This week has been a week of fledglings. Call after call has come in about fledgling birds down on the ground.
Please remember when birds fledge rarely can they fly straight away. Most birds will have to spend time down on the ground building up their wing strength before they can fly. They should be left alone, or if in harms way, moved higher up onto a bush, hedge, tree or similar where they are less vulnerable to predators.
Their best chance of long term survival is to stay with their parents. We are also getting loads of calls about baby gulls too. From just a couple of days old these young grey bundles of fluff start walking round roof tops, and end up falling to the ground. If you find one you should place it back up on the roof. Sadly WRAS does not have facilities to take in baby gulls, as we are only in year three of five of the development of our Casualty Care Centre and we don’t have the money to set up these facilities yet.
I must say a big thank you to the staff at Extreme Powered Platforms on Diplocks Industrial Estate in Hailsham. They called WRAS out to a nest of Great Tits. They were inside the control panel of one of their aerial platforms. While not in use, the family of Great Tits had built a lovely nest inside the control panel entering via a circular hole in the side where the power cable enters. The birds were quite advanced and not too far off fledging. The machine was moved and cleaned using a jet wash, before the staff realised there was a nest present. When they discovered the nest, they backed off and called WRAS. Extreme Powered Platforms kindly agreed to leave the machine alone for two weeks to give the birds time to fledge and leave of their own accord. Despite the platform being moved the parent birds continued to visit and feed their young.
An amazing night at our Unusual Quiz at East Dean last weekend. We took just under an incredible £760. Many thanks to everyone who attended. Congratulations to the winning team who included Sarah from Folly Wildlife Rescue. Many thanks to Brian who did all the food, Monica who did the door and helped Brian in the kitchen and to Kate and Lisa for running the bar, thank you also to everyone who stayed on to help clear up afterwards.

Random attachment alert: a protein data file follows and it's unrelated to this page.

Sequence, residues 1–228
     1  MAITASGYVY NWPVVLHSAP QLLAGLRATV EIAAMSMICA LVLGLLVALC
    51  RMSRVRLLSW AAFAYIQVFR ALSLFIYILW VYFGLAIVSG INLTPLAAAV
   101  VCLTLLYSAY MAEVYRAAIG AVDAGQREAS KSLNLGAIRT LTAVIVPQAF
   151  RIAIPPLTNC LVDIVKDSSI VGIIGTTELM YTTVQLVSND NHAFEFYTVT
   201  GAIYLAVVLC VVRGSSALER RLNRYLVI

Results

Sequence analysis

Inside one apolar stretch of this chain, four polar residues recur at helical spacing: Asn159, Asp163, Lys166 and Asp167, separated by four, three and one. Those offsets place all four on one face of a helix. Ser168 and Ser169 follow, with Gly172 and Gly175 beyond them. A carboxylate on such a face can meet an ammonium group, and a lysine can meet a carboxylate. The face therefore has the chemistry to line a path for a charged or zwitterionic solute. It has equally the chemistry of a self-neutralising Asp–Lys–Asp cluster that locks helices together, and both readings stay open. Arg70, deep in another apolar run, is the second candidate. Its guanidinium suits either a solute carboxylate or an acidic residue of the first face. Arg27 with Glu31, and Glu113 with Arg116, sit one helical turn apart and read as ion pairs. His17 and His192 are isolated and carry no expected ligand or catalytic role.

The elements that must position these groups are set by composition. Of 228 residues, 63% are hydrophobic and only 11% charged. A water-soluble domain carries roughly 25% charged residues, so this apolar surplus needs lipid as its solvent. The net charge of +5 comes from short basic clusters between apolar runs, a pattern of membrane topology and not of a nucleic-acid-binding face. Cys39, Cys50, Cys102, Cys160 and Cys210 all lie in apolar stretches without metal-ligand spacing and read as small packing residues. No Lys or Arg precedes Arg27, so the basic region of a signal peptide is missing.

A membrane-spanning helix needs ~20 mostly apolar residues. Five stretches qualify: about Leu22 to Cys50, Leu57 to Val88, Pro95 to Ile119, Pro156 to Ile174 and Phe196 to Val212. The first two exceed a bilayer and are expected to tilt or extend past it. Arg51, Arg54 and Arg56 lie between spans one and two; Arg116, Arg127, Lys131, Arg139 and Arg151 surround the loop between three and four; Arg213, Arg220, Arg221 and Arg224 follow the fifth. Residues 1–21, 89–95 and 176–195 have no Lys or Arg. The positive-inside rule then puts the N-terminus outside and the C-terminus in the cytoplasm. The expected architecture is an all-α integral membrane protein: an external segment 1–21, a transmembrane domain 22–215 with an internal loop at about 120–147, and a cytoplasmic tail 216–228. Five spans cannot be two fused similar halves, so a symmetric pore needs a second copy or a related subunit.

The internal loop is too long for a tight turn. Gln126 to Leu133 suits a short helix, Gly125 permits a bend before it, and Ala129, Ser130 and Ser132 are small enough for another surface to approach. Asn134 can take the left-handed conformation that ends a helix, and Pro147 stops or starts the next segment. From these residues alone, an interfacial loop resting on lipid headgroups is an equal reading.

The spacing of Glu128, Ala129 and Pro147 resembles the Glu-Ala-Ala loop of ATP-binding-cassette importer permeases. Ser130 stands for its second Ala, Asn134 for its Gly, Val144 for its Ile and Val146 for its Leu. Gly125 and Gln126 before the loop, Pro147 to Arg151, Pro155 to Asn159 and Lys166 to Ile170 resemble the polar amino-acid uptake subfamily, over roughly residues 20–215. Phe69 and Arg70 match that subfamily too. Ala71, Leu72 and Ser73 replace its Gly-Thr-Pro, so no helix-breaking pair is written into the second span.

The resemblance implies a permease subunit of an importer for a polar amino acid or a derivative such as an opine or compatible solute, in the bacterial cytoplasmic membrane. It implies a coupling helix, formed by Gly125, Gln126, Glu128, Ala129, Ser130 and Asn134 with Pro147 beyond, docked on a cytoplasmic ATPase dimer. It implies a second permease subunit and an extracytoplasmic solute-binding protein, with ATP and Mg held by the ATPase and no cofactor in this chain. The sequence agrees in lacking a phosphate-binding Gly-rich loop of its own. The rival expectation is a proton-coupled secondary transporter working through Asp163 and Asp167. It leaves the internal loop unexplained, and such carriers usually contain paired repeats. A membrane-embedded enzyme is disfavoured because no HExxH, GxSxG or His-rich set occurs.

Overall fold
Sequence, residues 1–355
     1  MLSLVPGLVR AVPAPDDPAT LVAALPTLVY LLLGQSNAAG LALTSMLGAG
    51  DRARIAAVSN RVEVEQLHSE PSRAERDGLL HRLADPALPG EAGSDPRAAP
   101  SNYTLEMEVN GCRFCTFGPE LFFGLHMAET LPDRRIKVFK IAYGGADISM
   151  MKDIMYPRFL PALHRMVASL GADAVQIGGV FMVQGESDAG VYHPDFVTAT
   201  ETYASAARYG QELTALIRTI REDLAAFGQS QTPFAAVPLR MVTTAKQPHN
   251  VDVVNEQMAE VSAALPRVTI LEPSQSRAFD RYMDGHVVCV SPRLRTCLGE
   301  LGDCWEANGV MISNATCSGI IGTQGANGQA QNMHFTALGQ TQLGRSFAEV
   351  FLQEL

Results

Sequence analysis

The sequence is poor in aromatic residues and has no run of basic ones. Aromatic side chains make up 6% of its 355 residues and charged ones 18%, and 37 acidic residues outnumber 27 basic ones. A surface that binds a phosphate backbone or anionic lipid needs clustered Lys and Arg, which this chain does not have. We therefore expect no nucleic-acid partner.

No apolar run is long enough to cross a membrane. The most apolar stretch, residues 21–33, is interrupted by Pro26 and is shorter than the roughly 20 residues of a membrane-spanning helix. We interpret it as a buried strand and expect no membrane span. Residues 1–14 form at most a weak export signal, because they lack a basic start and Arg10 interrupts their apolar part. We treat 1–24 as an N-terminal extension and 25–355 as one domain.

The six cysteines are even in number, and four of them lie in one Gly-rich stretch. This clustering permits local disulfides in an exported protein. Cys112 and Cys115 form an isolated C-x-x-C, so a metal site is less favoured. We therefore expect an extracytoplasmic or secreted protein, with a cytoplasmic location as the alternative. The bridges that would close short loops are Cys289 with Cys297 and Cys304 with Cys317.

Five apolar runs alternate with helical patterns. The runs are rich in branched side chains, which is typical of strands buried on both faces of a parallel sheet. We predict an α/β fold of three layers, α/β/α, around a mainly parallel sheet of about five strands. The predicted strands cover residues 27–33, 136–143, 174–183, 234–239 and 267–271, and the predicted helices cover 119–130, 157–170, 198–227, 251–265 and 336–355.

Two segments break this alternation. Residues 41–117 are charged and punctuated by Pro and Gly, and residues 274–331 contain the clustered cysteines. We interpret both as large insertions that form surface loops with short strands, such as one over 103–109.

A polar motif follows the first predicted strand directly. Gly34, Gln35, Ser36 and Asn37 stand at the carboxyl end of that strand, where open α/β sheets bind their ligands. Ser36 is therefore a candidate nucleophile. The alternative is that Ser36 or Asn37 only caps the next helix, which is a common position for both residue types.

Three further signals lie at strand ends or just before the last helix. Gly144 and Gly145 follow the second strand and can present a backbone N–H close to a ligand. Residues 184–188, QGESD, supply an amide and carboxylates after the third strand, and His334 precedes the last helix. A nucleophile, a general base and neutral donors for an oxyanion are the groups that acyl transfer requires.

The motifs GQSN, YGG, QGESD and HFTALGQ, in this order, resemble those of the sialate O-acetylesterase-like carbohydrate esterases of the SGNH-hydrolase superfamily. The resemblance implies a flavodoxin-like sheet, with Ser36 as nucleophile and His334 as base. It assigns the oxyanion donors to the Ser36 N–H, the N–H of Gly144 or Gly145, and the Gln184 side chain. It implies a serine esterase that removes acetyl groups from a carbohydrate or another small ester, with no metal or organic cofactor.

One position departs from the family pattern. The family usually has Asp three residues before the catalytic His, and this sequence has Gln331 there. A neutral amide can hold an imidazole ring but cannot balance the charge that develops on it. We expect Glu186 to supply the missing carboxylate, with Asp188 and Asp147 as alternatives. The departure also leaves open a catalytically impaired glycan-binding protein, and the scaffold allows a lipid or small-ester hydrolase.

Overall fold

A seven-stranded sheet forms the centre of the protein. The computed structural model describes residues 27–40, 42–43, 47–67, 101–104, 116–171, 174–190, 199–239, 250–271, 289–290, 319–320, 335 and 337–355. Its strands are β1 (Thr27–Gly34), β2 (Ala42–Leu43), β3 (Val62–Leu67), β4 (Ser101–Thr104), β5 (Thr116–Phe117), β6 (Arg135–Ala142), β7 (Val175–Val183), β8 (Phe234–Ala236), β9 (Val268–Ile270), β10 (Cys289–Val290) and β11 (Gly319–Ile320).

The 3-cat attacked baby robins we had in several weeks ago are now in the outdoor aviary at Yvonne’s, as are the first of our hand-reared blackbirds and the 2 mistle thrushes. We have also released 6 of our hand-reared feral pigeons, 5 wood pigeons & a dove.
We had an emergency call about a live stranded porpoise or dolphin on the beach at Pevensey Bay on Sunday. Medic Chris was the first on site and found a young adult harbour porpoise, being thrashed around in the surf. Chris moved the porpoise up the beach and waited for help to arrive. The porpoise was making rasping noises as it was breathing. It is thought that, as the creature was so weak, it may have breathed in water as a result of being placed back into the sea by well-meaning locals. When cetaceans – porpoises, dolphins and whales – strand they frequently do so because they are either sick, injured or orphaned. If you find such a creature on the beach please remember they are not fish but mammals and should not be held underwater. Do not attempt to put them back into the water. Hold them upright, cover with a wet sheet, and keep wet. Dig out the sand around their pectoral flippers so they point down as this will also make them more comfortable. Then phone British Divers Marine Life Rescue on 01825-765546 or WRAS on 07815-078234.